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In 1997 we began a journey to further and strengthen the value of the coloured fleece. This came about as a joint venture between Jamieson & Smith and Yarns International, a now sadly closed down business in Maryland in the USA. Betty Lindsay, a partner in the company visited J&S and was saddened when we told her that the coloured wool had little to no value. Betty vowed to do something and true to her word we set up the totally dye free range which was named Shetland 2000. She employed Ron Schweitzer to design a range of patterns using the yarns, you can see some of his designs on his Ravelry designer page here. Since then lots of desingers have found how well all the natural colours blend together, you can subtely blend them or do some quite striking patterns.

Peat Hill Waistcoat, Adult Lynsey and Karelides Cardigan, some of our current kits made using Shetland Supreme Jumper Weight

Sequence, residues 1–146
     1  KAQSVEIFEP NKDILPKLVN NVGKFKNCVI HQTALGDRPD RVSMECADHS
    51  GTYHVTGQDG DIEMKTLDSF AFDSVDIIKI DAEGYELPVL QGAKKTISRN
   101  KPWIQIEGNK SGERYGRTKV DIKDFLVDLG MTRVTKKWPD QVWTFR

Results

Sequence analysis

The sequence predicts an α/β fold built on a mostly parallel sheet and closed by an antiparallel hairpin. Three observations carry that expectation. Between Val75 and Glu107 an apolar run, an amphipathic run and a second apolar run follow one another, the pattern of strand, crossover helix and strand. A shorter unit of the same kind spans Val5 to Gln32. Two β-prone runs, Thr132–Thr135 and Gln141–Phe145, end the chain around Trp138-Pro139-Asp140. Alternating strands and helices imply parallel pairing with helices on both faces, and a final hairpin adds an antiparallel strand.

Peat Hill Waistcoat, Adult Lynsey and Karelides Cardigan, some of our current kits made using Shetland Supreme Jumper Weight

At the beginning of the post I mentioned Kate’s Sheep designs, the Sheepheid and Rams and Yowes blanket. Both these patterns are extremely popular and use all 9 shades to maximum effect, they both feature motifs of Sheep and Rams which is obviously reflected in the yarns.

IMG_5938You can order kits for these patterns here on our online shop

PicMonkey Collage IMG_5726Hopefully this post has helped you understand the work that goes into the Shetland Supreme Jumper Weight range. There a a number of crofters and farmers in Shetland who are very comitted to the coloured Shetland Sheep and we couldnt do this range without them! The coloured Shetland Wool would have been at a time one of the only ways to get different shades into your knitting, now we are extremly lucky to have so much different colours that we can use. Sometimes you cant go wrong using what nature provides us.

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til next time, Happy Knitting!

PS. we are now on instagram! search thewoolbrokers to follow us.

 

 

KNITSONIK – BLOG TOUR PART 2!